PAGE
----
Can Hanz and Franz help you out? The seemingly endless debate of weight training for endurance athletes will carry on for decades. I do not plan to solve this in a single super-human blog posting today, but lets take a stab at this form an injury stand point, and hopefully give you some food for thought to modify your training program.
As an endurance athlete, your muscles receive a LOTS of high volume loads
- Cross sectional area is important to disperse load. There’s the old question – “what puts more force per square area on the ground – an elephant or a woman in high heels?” – answer – the high-heeled woman. Don’t worry, I’m not calling her fat! The elephant weighs a ton….or tons, but has 4 very wide contact points to disperse his weight. The lady weighs a small fraction of the elephant’s total weight, yet the small stiletto heel and small forefoot disperse this weight through a very small area. What does this have to do with muscles and tendons?
As you train, your body’s tissues are under a lot of stress. As you sweat along to your iPod, they generate tremendous amounts of force to move your body through space. Small muscle and tendon thickness means that there are greater peak stresses inside these tissues. A larger thickness (cross-sectional area) of these same tissues means that peak strain inside the tissue would be less.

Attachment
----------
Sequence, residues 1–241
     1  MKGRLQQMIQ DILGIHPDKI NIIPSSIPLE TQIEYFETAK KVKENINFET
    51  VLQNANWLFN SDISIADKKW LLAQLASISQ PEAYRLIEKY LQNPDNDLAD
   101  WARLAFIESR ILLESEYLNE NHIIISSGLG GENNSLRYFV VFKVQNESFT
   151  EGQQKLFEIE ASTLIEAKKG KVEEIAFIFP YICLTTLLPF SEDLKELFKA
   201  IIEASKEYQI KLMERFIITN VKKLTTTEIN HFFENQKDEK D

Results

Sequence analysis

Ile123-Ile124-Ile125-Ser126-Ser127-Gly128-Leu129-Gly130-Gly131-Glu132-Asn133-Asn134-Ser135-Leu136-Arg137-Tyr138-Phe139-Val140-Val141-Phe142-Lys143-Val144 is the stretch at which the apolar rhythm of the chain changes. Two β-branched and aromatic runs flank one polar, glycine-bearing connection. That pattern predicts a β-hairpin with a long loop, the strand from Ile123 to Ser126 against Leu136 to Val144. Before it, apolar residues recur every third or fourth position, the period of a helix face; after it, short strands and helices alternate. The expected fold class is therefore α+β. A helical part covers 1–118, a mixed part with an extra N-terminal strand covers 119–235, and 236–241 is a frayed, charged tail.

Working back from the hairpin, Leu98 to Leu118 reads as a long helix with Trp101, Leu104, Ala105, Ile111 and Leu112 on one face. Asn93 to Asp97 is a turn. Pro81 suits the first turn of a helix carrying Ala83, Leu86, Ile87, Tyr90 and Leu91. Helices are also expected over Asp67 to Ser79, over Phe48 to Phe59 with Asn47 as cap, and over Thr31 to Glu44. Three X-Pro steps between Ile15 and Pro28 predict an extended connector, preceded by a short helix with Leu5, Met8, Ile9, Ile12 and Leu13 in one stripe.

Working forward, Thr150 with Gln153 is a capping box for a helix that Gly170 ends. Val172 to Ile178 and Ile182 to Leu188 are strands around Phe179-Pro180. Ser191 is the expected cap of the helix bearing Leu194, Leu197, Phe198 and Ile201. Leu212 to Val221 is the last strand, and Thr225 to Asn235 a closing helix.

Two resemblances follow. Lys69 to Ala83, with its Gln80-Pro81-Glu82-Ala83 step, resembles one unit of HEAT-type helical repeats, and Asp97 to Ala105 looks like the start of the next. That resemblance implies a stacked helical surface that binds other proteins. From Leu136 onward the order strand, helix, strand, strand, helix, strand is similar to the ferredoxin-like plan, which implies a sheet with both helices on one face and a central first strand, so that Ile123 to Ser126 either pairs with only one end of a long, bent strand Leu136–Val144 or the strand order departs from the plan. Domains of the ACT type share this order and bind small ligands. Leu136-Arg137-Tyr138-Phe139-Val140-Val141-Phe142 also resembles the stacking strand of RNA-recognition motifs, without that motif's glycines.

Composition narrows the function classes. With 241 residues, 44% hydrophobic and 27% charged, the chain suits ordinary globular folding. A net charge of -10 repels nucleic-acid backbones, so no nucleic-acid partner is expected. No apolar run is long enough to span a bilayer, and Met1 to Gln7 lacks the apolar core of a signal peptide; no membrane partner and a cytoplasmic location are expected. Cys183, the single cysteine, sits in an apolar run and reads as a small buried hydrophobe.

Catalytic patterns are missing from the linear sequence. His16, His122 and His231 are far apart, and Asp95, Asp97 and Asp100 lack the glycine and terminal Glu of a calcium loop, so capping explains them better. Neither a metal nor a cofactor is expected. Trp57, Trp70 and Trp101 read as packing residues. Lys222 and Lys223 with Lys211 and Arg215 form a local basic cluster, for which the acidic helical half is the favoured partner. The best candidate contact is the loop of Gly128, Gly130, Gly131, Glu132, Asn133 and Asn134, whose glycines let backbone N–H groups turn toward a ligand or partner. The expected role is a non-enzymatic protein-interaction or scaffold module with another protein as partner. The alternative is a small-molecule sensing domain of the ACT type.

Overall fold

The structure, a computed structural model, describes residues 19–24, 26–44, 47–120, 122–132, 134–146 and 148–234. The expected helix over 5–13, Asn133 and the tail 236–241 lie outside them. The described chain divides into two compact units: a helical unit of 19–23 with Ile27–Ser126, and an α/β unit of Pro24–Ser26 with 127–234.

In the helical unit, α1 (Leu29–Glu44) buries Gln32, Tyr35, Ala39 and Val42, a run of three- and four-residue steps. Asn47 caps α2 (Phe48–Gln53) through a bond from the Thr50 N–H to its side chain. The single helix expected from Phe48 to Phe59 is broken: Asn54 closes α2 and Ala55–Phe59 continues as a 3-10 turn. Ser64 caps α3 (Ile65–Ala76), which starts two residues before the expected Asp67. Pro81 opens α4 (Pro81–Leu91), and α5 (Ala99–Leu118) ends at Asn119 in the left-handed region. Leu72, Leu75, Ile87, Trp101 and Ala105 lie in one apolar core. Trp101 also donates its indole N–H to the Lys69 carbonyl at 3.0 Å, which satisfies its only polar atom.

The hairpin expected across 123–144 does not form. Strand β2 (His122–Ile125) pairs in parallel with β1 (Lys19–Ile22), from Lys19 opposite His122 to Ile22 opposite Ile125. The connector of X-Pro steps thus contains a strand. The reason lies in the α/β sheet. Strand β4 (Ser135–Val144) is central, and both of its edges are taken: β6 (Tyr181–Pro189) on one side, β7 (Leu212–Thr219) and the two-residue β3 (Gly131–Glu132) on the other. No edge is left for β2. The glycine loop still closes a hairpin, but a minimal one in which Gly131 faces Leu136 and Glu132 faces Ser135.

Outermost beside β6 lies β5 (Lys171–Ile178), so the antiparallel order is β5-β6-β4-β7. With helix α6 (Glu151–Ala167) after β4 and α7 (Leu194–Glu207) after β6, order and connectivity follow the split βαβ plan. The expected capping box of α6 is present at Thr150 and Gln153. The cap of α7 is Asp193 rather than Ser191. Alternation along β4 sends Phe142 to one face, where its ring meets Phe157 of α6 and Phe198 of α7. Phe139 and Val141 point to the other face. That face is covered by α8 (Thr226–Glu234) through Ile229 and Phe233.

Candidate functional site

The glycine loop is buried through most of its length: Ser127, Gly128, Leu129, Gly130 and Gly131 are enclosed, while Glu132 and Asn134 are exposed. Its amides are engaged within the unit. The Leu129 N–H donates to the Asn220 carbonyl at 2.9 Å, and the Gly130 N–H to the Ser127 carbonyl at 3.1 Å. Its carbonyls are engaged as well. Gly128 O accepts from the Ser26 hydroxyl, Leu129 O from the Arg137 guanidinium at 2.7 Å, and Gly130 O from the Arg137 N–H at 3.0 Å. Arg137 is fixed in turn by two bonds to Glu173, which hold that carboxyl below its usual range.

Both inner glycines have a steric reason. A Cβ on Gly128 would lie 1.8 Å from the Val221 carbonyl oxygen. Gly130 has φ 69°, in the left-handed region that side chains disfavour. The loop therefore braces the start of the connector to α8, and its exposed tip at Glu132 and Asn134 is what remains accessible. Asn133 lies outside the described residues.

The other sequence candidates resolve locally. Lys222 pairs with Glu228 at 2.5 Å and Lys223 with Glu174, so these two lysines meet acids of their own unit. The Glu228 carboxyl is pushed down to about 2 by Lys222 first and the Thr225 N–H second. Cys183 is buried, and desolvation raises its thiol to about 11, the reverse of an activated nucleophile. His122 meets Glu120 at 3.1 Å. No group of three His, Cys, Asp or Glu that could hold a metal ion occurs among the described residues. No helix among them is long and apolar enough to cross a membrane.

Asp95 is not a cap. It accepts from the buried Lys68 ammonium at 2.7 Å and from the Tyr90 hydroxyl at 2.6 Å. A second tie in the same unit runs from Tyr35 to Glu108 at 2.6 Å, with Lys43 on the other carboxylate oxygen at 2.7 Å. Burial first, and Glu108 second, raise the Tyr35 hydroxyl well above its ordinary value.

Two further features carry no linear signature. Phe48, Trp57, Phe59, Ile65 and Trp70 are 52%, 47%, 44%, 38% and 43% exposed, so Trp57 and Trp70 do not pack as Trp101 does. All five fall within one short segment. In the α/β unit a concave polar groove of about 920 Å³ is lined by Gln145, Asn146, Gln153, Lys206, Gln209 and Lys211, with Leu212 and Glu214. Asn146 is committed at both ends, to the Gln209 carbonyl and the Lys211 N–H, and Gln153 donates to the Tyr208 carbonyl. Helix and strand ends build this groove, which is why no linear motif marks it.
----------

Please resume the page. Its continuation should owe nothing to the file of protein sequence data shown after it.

- Cross sectional area decreases with age. Along with bigger ears and longer noses, we lose muscle mass with age. Sorry – don’t shoot the messenger, it just happens. This is not the end of the world though as studies have shown that even men in their 80’s can increase lean body mass (muscle mass) through strength training.
- The way to increase cross sectional area is through strength training. “But wait- I am an endurance athlete – I am strong! – I train 25 hours a week on the roads, pools, and running paths!” No doubt you are ahead of the curve Mr./Ms Endurance Athlete, but there is a difference. Endurance training is primarily high volume low load training. This is not the specific stimulus to get increases in cross-sectional area within our muscles. The correct stimulus to increase the thickness of muscle and tendon tissue is to lift heavy. You are looking to lift a weight 5-7 times for 1-3 sets with a weight such that you can barely complete the number of reps in each set. Endurance athletes are frequently told to focus on lifting for muscular endurance (high reps, low weight) – this type of lifting program does not target increasing tissue thickness (called muscular hypertrophy).
So what is our take home message from today? Is it that we should all begin lifting heavy starting today? Obviously not. The take home message is this. Increasing the thickness of your musculoskeletal system will help disperse the loads our body sees with chronic training volume. Younger athletes normally develop these characteristics. As we move into our 20’s and 30’s, some amount of true strength training is likely beneficial as part of your training throughout the season. As we move into our 40’s, soft tissue density decreases. This means we can’t deal as well with training stresses and may be more likely to develop strains and injury. That’s all for now – time to hit the gym.